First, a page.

Al Meyers is the TEDxPeachtree Organizer. Previously, Al was President of Saisei Consulting, a provider of strategy and corporate development advisory services to early-stage, growth-stage and mature digital media companies around the world. Al has advised several startups in the areas of digital media, 3D online development, online games and games for K-12 education.
As a result of seeing Jose Antonio Abreu win the 2009 TED Prize, Al co-founded The Atlanta Music Project, the first youth program in Atlanta based on "El Sistema," the globally heralded program developed in Venezuela that uses classical music as an instrument for social change. The Atlanta Music Project is a 5-day-a-week, after-school, youth orchestra and choir program targeting under-served communities in metropolitan Atlanta. A 501 c(3) organization, The Atlanta Music Project was established in February 2010.
Al was previously Co-founder & CEO of Past4Ward, LLC, an Atlanta-based startup focused on developing an immersive learning platform for classroom education based primarily on online game-play. The Company’s mission was to improve education in schools, with a new technology that allowed students to play games and learn at the same time. Learning through video game-like environments is an ideal learning tool for today's digitally-oriented children, who learn and think differently than previous generations. The company’s emphasis was on student-centered learning tools using game mechanics and other web 2.0 features. The Company’s approach, backed by academically rigorous research and data, showed unequivocally how using games in classroom instruction could lead to successful 21st century learning outcomes.
In February 2009, Meyers unveiled his vision for 21st century learning during the highly regarded and virally popular conference “TED@PalmSprings”. Al was chosen to be one of twelve distinguished speakers invited to present at the TEDDIY session. To read more, go to: http://blog.ted.com/2009/02/friday_mornings.php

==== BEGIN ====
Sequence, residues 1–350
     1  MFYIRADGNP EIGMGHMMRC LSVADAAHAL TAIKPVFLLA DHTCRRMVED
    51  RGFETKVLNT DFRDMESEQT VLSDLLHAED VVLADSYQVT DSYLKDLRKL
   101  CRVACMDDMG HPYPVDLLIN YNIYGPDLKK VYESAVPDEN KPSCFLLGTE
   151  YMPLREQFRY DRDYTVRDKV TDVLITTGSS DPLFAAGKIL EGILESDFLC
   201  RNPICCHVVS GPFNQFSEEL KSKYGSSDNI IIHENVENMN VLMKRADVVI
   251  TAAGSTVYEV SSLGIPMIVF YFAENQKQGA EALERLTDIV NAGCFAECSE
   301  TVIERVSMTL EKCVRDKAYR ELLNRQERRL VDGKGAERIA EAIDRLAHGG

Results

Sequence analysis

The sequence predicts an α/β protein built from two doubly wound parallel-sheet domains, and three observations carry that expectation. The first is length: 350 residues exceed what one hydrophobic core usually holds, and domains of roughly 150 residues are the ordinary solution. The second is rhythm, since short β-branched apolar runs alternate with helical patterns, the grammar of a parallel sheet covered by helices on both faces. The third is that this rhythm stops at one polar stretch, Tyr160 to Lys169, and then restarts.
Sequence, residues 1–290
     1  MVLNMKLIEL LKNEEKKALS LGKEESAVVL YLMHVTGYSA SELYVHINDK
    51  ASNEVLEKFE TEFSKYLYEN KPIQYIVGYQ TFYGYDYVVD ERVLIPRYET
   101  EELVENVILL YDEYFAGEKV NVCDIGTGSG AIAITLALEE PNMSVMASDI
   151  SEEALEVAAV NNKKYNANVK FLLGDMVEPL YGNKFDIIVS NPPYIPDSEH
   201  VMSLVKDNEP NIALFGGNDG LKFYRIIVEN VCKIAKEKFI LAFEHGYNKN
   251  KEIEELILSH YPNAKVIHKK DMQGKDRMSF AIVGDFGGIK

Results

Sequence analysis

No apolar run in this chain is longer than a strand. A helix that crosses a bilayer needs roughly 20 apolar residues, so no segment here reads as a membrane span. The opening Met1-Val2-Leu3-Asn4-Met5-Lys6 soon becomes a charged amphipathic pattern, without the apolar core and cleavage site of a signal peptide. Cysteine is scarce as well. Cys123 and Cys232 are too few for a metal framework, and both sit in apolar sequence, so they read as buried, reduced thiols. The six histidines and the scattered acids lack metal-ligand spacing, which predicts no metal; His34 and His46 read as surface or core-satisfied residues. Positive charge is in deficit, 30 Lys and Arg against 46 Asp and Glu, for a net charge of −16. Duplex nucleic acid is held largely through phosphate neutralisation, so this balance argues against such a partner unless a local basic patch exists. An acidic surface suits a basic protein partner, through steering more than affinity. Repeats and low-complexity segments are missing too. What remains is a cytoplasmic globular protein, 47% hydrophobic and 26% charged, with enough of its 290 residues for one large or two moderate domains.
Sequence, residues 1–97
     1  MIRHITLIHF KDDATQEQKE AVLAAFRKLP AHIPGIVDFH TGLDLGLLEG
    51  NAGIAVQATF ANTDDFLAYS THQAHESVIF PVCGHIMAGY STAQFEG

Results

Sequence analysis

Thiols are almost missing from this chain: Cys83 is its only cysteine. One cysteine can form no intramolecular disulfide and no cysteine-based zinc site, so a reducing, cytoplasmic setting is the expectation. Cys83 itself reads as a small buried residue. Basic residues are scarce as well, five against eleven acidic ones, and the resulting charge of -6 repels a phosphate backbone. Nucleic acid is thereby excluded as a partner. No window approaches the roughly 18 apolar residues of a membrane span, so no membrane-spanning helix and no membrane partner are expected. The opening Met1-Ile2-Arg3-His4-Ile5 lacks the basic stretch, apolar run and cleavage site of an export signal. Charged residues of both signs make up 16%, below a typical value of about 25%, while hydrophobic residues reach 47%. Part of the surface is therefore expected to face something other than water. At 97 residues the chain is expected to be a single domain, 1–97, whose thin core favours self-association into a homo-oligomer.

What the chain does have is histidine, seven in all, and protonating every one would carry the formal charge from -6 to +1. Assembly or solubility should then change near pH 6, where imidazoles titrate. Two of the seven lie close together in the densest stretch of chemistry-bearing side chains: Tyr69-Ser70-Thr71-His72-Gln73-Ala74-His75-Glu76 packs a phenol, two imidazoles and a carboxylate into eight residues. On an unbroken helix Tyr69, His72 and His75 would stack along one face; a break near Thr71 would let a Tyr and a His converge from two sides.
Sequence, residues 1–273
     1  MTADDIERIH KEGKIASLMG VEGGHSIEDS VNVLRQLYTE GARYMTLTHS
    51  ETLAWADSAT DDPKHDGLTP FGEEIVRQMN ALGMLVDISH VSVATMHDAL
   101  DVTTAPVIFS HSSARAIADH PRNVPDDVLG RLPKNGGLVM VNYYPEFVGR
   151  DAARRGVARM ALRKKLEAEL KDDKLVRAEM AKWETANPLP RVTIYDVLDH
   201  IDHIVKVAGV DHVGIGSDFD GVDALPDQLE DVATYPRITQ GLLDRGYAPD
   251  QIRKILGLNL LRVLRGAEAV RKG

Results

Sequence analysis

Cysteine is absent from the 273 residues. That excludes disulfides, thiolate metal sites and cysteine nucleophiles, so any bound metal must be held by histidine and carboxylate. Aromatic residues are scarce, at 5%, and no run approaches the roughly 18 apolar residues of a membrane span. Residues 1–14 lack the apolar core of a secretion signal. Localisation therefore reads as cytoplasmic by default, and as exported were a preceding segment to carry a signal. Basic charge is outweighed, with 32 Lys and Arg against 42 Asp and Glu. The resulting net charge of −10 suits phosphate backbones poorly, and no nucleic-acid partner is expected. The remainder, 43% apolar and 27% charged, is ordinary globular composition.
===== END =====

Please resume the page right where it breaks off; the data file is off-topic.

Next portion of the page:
Meyers accumulated more than 20 years of experience in the media and entertainment industry with several Fortune 100 companies. Meyers served as Vice President of Strategic Planning at Turner Broadcasting where he was a founding member of GameTap, and facilitated the sale of GameTap to a French company in 2008. Meyers spent nearly 13 years at the company (1995-2008), and spent considerable time on M&A transactions and strategy development for Turner (and across Time Warner) and its portfolio of businesses,
Al Meyers received his Bachelor’s degree from the Wharton School of Business at the University of Pennsylvania, and his Masters in Business Administration from the Leonard Stern School of Business at New York University. He is proficient in both the Japanese and Spanish languages.
Student-Centered Learning Technologies, Neuroplasticity, the Medici Effect, our founding fathers, online gaming, globalization, breakthrough innovation, baseball, and my wife and children
"Digital Natives" require different stimuli to learn effectively, as they have been exposed to technology since they were in preschool or kindergarten. The textbook, "broadcast lecture" passive learning approach must be embraced by our education system, or we risk losing our intellectual leadership to emerging countries in Asia and Europe. These people require constant networking, instant gratification, free-forming exploration and frequent rewards, and this can be achieved through a more aggressive rollout of technologically innovative resources in the classroom setting. The world has flattened, and we must train our children with the skills required for relevance/success in the 21st century work environment.
A big idea worth spreading comes from two books I highly recommend: Clayton Christensen's "Disrupting Class: How Disruptive Innovation Will Change The Way The World Learns," and "Grown Up Digital" by Don Tapscott (author of "Wikinomics"). These two books say it all.
Globalization, Digital Media, Student Centered Learning, Disruptive Innovation, Medici Effect, Games & Learning, Innovation in Education, online gaming/social networking/user generated content/web 2
Japanese, Business Writing (I have "ghost-written" many board memos and other critical strategy docs), Lecturing in academia, baseball instruction
I've been slower than most at embracing technological innovation, as our children are engaging in activities that are foreign to most generation Xers. However, I have been fortunate to travel expensively around the world, particularly in Asia, and I have seen the creative, entrepreneurial and technological innovation taking place there, and it is clear to me that Thomas Friedman was very astute in his book "The World is Flat." It has been happening since the fall of the Berlin Wall, and I believe that a global perspective, appreciating cultural differences, and providing our children with critical skills is the key to success in the digital world. It is our responsibility in Corporate America to collaborate extensively with academia so that our children are prepared for a world much different than the one we grew up in. The ability to exchange ideas via TED could go a long way towards moving the ball forward to grow our civilization. I have a new concept to evangelize at TED 2008.
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